Why the Stakes Are High for the Communist Party's Big Meeting

On the eve of the Third Plenary Session, the Chinese government has admitted major reforms are necessary. But does it have the will—and ability—to deliver them?
All eyes are on China's President Xi Jinping (left) and Prime Minister Li Keqiang (right) as the Third Plenary Session of the Communist Party's Central Committee begins tomorrow.  (Jason Lee/Reuters

For Xi Jinping, the road to the Third Plenum of the Communist Party’s Central Committee, which begins tomorrow, can be traced back to March, when he first addressed China as its new president. In a speech delivered that month, he exhorted the nation to “strive to achieve the Chinese dream of great rejuvenation,” launching a phrase that has since become a theme of his administration. But what does it actually mean? Most likely, Xi is recalling China’s Tang Dynasty-era reputation as the world’s preeminent economic powerhouse and a pillar of culture and civilization. Xi wants to be seen as Deng Xiaoping’s successor, a leader who puts China solidly on the path to sustained prosperity.

China is not there yet. And so, the question is this: Will China make the changes it needs to? If so, how? Which reforms are necessary, and which are actually realistic? The first two questions are almost impossible to answer at this point, given the opacity of Chinese politics. Even after President Xi lays out his administration’s agenda over the next few days, we will likely not know any details about specific policies or how they will be implemented. However, with the announcement of the dates for the Third Plenum included a promise to “comprehensively deepen reforms,” and Yu Zhengsheng, a member of the Politburo Standing Committee, China’s highest governing body, has spoken of a plan for “unprecedented” economic and social changes.

Which reforms are on Xi’s wish list? The overarching goals remain strengthening the middle class and shifting the main engine of the economy from investment to consumption, which is more suitable for sustainable growth. But how the government achieves this is at the heart of the divide in the Communist Party. Conservative leaders (“leftists” in the Chinese political spectrum) believe that the state should take the lead with ambitious social welfare programs and more comprehensive economic planning. More liberal Party members (“rightists”) would like to see greater use of the market to allocate capital and create wealth, in effect, putting more daylight between the government and the economy. The president himself leans right on the economy, and the political clout of the leftists has significantly diminished over the last year in the midst of his “anti-corruption” campaign.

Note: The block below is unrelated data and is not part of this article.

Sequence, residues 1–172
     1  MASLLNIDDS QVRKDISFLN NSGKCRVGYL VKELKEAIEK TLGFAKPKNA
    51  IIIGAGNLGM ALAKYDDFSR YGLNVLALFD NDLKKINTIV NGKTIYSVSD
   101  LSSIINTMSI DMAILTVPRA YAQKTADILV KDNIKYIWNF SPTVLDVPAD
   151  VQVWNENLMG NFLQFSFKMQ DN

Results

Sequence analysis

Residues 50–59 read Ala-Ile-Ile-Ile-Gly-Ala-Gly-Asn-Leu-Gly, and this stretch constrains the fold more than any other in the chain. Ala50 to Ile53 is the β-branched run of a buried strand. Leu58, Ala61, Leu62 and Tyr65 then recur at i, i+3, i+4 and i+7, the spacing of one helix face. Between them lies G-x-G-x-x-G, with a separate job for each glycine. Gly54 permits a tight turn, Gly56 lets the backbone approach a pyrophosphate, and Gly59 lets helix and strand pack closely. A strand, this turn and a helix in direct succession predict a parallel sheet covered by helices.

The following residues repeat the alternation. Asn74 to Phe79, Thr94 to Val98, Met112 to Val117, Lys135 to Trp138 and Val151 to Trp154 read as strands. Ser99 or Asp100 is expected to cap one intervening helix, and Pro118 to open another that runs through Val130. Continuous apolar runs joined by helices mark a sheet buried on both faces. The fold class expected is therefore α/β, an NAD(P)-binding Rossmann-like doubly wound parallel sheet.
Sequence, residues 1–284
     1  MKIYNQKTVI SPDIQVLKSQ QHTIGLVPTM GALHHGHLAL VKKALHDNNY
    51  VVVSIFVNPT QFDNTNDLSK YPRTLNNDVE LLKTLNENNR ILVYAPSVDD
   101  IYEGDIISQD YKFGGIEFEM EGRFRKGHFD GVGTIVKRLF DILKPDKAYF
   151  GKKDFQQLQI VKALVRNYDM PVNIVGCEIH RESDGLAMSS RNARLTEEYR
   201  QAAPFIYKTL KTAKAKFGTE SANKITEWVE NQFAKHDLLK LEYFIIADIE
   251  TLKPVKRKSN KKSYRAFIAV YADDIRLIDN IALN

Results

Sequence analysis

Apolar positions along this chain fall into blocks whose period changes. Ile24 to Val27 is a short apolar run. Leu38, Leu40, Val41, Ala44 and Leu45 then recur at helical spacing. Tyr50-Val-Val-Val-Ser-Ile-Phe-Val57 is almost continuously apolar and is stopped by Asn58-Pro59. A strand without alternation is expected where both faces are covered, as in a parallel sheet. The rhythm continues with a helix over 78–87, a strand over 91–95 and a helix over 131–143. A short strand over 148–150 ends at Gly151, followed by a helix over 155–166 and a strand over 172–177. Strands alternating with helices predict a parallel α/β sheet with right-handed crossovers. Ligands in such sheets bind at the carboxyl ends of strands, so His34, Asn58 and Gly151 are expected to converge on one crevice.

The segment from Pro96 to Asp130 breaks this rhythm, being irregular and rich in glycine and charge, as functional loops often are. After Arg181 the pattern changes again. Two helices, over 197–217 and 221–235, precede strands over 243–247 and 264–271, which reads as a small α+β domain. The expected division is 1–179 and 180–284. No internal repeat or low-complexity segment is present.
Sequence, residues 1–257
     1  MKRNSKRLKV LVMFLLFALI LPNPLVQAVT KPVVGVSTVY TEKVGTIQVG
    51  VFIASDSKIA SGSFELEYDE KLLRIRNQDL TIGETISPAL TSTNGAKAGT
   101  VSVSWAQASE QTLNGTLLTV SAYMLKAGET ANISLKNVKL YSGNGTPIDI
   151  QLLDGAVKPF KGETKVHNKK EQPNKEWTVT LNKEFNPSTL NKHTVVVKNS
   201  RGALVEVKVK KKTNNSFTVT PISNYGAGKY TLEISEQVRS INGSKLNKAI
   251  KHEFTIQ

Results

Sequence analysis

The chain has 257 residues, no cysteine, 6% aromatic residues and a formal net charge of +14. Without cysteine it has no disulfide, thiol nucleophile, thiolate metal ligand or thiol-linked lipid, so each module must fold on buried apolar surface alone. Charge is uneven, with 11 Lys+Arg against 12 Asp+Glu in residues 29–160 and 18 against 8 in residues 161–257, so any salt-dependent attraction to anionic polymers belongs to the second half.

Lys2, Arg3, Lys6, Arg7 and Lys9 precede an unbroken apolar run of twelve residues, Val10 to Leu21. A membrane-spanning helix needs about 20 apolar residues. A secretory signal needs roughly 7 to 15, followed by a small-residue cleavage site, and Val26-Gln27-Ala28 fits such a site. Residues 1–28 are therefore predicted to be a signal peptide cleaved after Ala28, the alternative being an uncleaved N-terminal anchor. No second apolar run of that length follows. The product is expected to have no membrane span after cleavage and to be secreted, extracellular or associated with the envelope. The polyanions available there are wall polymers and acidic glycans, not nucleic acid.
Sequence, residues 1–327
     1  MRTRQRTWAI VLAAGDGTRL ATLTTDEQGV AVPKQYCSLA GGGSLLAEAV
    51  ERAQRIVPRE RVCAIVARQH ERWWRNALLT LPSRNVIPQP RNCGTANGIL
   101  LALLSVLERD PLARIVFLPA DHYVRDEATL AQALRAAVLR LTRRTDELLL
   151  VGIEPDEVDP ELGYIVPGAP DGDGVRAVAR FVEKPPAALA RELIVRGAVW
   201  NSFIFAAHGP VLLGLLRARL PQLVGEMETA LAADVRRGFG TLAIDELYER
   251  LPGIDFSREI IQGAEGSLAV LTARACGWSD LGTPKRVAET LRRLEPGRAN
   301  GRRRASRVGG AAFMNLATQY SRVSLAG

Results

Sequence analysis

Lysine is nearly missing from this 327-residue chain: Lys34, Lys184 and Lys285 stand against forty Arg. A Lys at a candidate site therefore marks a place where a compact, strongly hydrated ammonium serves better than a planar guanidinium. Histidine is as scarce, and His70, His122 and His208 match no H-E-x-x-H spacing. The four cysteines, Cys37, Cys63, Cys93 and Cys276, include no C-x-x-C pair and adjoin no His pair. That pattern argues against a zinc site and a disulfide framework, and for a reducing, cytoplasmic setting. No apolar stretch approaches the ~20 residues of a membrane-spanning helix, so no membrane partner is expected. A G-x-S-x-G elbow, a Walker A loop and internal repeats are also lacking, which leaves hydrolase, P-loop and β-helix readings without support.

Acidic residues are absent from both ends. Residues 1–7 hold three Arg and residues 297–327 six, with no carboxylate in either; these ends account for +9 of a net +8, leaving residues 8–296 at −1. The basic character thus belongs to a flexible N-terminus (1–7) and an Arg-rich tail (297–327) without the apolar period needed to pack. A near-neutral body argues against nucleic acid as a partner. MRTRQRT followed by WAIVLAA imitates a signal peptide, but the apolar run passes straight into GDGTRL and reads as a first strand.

To what extent, then, should the government and the economy be decoupled? One place to start is in the reform of the dominant state-owned enterprises, which stifle competition and innovation in the Chinese economy. Limiting their power will not be easy; these companies have powerful ties to officials and employ a significant amount of the working population. When then-Premier Zhu Rongji launched a modest privatization scheme a decade ago, the resulting short-term unemployment threatened instability—something Xi Jinping wants desperately to avoid.

A more promising, and equally important, set of reforms center on improving the lives of China’s rural population by increasing urbanization, relaxing constraints on rural land and improving the mobility of migrant workers. Local Communist Party bosses own rural land in China, and this property cannot be developed or reallocated to another purpose without government approval. Allowing the farmers who work the land to have more control over its use and keep the profits would increase the wealth of those living outside China’s urban centers. For those who choose to take their chances in China’s mega-cities, the hukou, or household registration, system bars them from important public services and working in the areas where they are most needed. While most Chinese urbanites recognize the unfairness of the system, reform has been slow in coming since they remain protective of their resources.

Rebecca Liao is a corporate attorney and writer based in Silicon Valley. She has written about Chinese politics and culture for Dissent, the Los Angeles Review of Books, and Tea Leaf Nation.

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